The first Martin OM made in modern times with truly authentic pre-war specs and construction techniques, the OM-18 Authentic 1933 seems to have stepped out of a time machine.
Specs include: hide glue construction; all solid woods including mahogany back, sides, neck; Adirondack spruce top with faded amberburst shading; ebony neck rod, fingerboard, 1933 style belly bridge, bridge pins; nut and glued in long saddle of bone*; 2-3/8″ string spacing; hand-carved replica V neck; Authentic style scalloped bracing with period-correct 5/16″ X brace and 1/4″ tone bars; many historically “authentic” details
* Bone replaced fossilized ivory in 2014.
This new OM-18A 1933 is the first OM made with Martin’s Authentic Series specs and hide glue. And boy, is it a doozy! I played the prototype at the factory in January, when it was about as new as new can be. The Adirondack spruce top was extremely stiff, yet the voice already exhibited great depth, particularly in the mid-range. For all its light construction, it had a big voice, with that famous OM projection so that the lightest playing produced enormous amounts of tone. With mahogany for the back and sides, the OM-18 Authentic 1933 sounded clear and full at the same time. And it can be played at full throttle without wigging out, it just gets louder and more powerful.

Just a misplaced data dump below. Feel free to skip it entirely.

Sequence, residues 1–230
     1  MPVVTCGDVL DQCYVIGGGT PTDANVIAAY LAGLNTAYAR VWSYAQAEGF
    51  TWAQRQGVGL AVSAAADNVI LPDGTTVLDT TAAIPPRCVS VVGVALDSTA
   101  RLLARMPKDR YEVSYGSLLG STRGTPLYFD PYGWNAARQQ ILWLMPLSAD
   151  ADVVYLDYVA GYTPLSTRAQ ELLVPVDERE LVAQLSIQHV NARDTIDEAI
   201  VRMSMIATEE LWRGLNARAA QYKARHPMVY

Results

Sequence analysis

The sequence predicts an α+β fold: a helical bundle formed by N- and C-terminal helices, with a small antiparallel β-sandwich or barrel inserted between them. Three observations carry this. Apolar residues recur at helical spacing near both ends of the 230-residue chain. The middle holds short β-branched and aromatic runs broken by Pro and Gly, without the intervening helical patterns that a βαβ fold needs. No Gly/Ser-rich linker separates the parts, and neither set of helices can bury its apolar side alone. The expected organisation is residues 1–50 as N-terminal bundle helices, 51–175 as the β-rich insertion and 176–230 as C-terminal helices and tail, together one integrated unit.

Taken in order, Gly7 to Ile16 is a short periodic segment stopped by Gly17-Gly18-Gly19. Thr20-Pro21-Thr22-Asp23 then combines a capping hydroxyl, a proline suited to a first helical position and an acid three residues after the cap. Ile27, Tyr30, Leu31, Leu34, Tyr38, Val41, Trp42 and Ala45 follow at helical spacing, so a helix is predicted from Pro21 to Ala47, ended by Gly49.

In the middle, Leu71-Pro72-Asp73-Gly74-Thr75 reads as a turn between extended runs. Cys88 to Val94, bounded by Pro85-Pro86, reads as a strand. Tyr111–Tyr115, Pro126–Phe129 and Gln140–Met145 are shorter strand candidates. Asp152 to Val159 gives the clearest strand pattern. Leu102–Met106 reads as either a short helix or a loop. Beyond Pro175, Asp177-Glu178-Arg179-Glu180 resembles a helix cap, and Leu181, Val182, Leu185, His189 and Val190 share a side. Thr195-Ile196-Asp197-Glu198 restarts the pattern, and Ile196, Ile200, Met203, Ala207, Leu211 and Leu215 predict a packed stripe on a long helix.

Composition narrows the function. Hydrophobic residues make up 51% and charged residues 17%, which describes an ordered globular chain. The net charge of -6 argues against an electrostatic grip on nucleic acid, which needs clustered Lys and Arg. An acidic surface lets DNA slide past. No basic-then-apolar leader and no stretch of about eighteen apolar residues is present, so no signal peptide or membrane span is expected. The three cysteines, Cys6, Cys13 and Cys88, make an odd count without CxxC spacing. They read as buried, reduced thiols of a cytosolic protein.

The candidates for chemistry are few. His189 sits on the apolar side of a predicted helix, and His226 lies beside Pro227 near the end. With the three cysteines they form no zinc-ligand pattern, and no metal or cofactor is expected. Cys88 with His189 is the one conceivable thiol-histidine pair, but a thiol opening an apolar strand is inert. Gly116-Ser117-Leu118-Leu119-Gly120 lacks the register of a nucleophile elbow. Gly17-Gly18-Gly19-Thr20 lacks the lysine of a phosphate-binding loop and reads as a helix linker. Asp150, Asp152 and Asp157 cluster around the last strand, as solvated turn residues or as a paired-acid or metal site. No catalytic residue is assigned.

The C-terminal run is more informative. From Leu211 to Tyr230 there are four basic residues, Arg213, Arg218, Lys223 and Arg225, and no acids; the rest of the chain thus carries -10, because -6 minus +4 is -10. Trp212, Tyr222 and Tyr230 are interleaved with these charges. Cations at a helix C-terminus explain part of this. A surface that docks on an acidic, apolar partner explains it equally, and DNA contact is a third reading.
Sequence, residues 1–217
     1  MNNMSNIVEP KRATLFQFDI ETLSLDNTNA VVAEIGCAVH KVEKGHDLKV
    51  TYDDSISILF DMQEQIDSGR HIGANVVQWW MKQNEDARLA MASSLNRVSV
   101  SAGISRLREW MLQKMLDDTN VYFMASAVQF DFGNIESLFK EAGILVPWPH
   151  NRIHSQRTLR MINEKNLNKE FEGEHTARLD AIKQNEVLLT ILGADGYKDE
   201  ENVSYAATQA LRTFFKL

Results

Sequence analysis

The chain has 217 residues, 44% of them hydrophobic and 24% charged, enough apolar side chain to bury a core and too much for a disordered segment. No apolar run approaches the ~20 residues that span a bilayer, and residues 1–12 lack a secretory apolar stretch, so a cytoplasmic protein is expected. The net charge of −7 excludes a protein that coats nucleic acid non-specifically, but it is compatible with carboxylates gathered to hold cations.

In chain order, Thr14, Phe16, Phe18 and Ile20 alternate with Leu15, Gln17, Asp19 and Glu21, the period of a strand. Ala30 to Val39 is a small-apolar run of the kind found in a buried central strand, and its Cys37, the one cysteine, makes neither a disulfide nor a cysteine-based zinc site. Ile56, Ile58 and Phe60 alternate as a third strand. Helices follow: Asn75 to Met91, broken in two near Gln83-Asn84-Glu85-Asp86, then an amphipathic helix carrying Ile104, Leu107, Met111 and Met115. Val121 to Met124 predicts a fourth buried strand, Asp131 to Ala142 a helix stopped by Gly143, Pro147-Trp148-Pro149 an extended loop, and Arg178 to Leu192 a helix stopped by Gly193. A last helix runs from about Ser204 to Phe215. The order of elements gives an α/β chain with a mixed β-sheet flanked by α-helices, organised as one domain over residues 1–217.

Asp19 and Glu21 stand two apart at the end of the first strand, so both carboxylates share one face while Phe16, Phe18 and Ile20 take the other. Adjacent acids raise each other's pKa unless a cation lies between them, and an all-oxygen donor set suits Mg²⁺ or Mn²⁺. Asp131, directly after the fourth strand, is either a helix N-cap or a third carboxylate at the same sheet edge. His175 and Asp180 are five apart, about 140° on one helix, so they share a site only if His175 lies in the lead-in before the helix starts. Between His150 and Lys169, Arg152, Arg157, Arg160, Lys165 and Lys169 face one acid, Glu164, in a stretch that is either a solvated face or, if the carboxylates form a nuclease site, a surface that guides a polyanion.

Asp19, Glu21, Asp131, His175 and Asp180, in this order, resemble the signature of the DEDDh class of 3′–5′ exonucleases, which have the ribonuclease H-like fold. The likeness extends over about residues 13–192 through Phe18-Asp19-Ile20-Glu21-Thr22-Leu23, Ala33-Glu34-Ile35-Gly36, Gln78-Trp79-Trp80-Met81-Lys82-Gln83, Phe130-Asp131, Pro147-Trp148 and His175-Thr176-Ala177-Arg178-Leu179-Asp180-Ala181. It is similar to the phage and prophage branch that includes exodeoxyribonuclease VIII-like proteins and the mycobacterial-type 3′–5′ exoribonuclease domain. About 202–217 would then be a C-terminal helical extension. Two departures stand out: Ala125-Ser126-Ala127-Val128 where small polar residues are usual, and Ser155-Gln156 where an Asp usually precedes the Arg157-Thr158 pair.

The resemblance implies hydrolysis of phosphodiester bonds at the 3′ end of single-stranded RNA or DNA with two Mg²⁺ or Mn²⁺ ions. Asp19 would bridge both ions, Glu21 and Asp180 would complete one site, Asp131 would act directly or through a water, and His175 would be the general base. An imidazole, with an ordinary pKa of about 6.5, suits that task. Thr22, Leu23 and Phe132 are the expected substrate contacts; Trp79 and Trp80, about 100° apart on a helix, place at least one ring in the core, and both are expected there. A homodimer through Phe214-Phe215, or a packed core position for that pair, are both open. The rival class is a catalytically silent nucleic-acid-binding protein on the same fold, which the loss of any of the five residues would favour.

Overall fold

I played an example of the production run some months later, over at Maury’s Music, in Coaldale, Pennsylvania. In fact, I was the first person to play it right out of the box it came in. It is like taking a time machine back to 1933 and getting your hands on a brand new OM-18, made the year C.F. Martin and Co. celebrated their 100th anniversary and were busy setting the gold standard that all acoustic guitars have been compared to ever since.
Even though it was just as new as the prototype, it was noticeably more awake and lively. Where the prototype felt light, but not as light as I expected, or as light as I remembered the many vintage OM-18s I have played, this new one felt every bit as light as a 30s OM-18. Where the prototype felt stiff and the strings felt tight and difficult to bend without notable effort, this new one was effortless to play and the slightest change in string pressure or bend sent resonating quivers through the tonal spectrum. I thought to myself, “Now this really is the OM-18 of old brought back to life.” It has everything that made the original Orchestra Model design the stuff of legend.
A Legacy of Firsts
The first modern acoustic guitars appeared in the 1930 Martin catalog, named the Orchestra Model to appeal to dance orchestras. They were the very first 14-fret guitars made by Martin, and the first Martins designed expressly for steel strings.